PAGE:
Even among those not adopting a formal advocacy approach, mindsets are shifting. Formerly claims-centric programs are becoming worker-centric and it’s a win all around: better outcomes; greater productivity; safer, healthier employees and a stronger bottom line.

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That’s what you’ll see in this month’s issue of Risk & Insurance® when you read the profiles of the four recipients of the 2018 Theodore Roosevelt Workers’ Compensation and Disability Management Award, sponsored by PMA Companies. These four programs put workers front and center in everything they do.

“We were focused on building up a program with an eye on our partner experience. Cost was at the bottom of the list. Doing a better job by our partners was at the top,” said Steve Legg, director of risk management for Starbucks.

Starbucks put claims reporting in the hands of its partners, an exemplary act of trust. The coffee company also put itself in workers’ shoes to identify and remove points of friction.

That led to a call center run by Starbucks’ TPA and a dedicated telephonic case management team so that partners can speak to a live person without the frustration of ‘phone tag’ and unanswered questions.

“We were focused on building up a program with an eye on our partner experience. Cost was at the bottom of the list. Doing a better job by our partners was at the top.” — Steve Legg, director of risk management, Starbucks

Starbucks also implemented direct deposit for lost-time pay, eliminating stressful wait times for injured partners, and allowing them to focus on healing.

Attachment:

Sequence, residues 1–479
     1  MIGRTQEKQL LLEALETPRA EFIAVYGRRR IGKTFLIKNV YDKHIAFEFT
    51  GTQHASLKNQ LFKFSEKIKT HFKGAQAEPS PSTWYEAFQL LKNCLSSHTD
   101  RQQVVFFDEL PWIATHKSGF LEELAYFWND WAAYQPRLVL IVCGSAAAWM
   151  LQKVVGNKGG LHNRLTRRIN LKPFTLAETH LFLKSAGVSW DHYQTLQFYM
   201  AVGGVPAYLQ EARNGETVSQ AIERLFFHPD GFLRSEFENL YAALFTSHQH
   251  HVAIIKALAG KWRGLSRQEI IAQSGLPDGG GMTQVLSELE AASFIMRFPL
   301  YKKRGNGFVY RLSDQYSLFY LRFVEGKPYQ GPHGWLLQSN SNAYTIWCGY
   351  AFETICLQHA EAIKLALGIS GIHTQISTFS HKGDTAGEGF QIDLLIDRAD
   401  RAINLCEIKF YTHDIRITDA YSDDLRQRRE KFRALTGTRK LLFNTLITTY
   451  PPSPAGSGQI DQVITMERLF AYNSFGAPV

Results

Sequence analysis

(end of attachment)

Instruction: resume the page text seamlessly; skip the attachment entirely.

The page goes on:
For Starbucks, as for all of the 2018 Teddy Award winners, the approach is netting measurable results. With higher partner satisfaction, it has seen a 50 percent decrease in litigation.

Teddy winner Main Line Health (MLH) adopted worker advocacy in a way that goes far beyond claims.

Employees who identify and report safety hazards can take credit for their actions by sending out a formal “Employee Safety Message” to nearly 11,000 mailboxes across the organization.

“The recognition is pretty cool,” said Steve Besack, system director, claims management and workers’ compensation for the health system.

MLH also takes a non-adversarial approach to workers with repeat injuries, seeing them as a resource for identifying areas of improvement.

“When you look at ‘repeat offenders’ in an unconventional way, they’re a great asset to the program, not a liability,” said Mike Miller, manager, workers’ compensation and employee safety for MLH.

Teddy winner Monmouth County, N.J. utilizes high-tech motion capture technology to reduce the chance of placing new hires in jobs that are likely to hurt them.

Monmouth County also adopted numerous wellness initiatives that help workers manage their weight and improve their wellbeing overall.

“You should see the looks on their faces when their cholesterol is down, they’ve lost weight and their blood sugar is better. We’ve had people lose 30 and 40 pounds,” said William McGuane, the county’s manager of benefits and workers’ compensation.

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Do these sound like minor program elements? The math says otherwise: Claims severity has plunged from $5.5 million in 2009 to $1.3 million in 2017.

At the University of Pennsylvania, putting workers first means getting out from behind the desk and finding out what each one of them is tasked with, day in, day out — and looking for ways to make each of those tasks safer.

Regular observations across the sprawling campus have resulted in a phenomenal number of process and equipment changes that seem simple on their own, but in combination have created a substantially safer, healthier campus and improved employee morale.

UPenn’s workers’ comp costs, in the seven-digit figures in 2009, have been virtually cut in half.

Risk & Insurance® is proud to honor the work of these four organizations. We hope their stories inspire other organizations to be true partners with the employees they depend on. &

Michelle Kerr is associate editor of Risk & Insurance. She can be reached at [email protected]